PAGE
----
16 Nov Euro-Atlantic Café: US Presidential Election: The Day After (Event Summary)
The Centre for Euro-Atlantic Integration and Democracy (CEID) in cooperation with the Common Sense Society (CSS) has launched the second series of its Euro-Atlantic Cafés on transatlantic relations, supported by the US Embassy in Budapest.
In our second event, which took place on November 9th, 2016, we aimed to analyze the results of the presidential election in the United States and its possible consequences. Our panelists were H.E. Colleen Bell, Ambassador of the United States to Hungary, and H. E. György Szapáry, former Ambassador of Hungary to the United States.
Facing the results of the recent presidential election in the United States, we may easily conclude that a new America is emerging in front of our eyes. Ms. Colleen Bell emphasized that the election, and the victory of president-elect Donald Trump really came down to personalities and clearly displayed the will of American people.
According to Mr. György Szapáry, Donald Trump’s success was mostly due to him being able to understand and find the way to address the working population – mainly the white working class. In his communication during the campaign, the new President-elect was operating with a language which was previously unprecedented in politics. His speeches and vocabulary reminded to the style used mostly in social media, which had remarkable effects on the American elections.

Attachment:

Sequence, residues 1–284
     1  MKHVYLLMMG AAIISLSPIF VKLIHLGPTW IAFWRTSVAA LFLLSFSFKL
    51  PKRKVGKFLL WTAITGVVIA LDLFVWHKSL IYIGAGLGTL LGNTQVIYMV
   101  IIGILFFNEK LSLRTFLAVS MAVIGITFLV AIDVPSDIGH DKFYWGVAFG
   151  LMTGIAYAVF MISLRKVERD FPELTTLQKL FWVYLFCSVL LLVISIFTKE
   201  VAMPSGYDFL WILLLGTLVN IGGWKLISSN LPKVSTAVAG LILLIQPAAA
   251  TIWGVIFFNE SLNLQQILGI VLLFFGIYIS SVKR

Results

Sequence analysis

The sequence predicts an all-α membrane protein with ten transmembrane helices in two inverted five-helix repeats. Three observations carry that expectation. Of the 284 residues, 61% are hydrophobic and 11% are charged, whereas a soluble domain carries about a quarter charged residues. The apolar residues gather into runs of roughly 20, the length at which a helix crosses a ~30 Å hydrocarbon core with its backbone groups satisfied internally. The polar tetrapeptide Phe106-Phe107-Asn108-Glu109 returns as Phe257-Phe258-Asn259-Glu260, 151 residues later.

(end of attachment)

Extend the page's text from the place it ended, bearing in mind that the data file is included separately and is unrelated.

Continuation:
Concerning the polarization of societies across the world and specifically in the United States, Colleen Bell tried to point out that there was a wide range of values and aspects present in the American society and she promoted the unity of the American people.
Both panelists agreed that the new President and the administration will have a huge amount of hard work ahead to reunite the society. Mr. György Szapáry highlighted the effects of the social media, which stirred up emotions, making the society look more polarized than it actually was.
Considering the underlining problems and economic hardships, Ambassador Bell repeated the importance of the common values which would bring American people together again. However, there obviously were economic reasons and aspects behind the results of this election, like the shrinking of the middle class, the increasing income and wealth differences, the level of poverty and the masses who are left behind. It will be necessary to address and re-evaluate these issues in the future.
Mr. György Szapáry added that the repercussions of the financial crisis are still clearly visible. He also pointed out that Hillary Clinton had less support among the minorities and even white women had not voted for her as much as it had been expected. The dividing line between the Democratic urban and Republican rural regions deepened considerably in the previous years.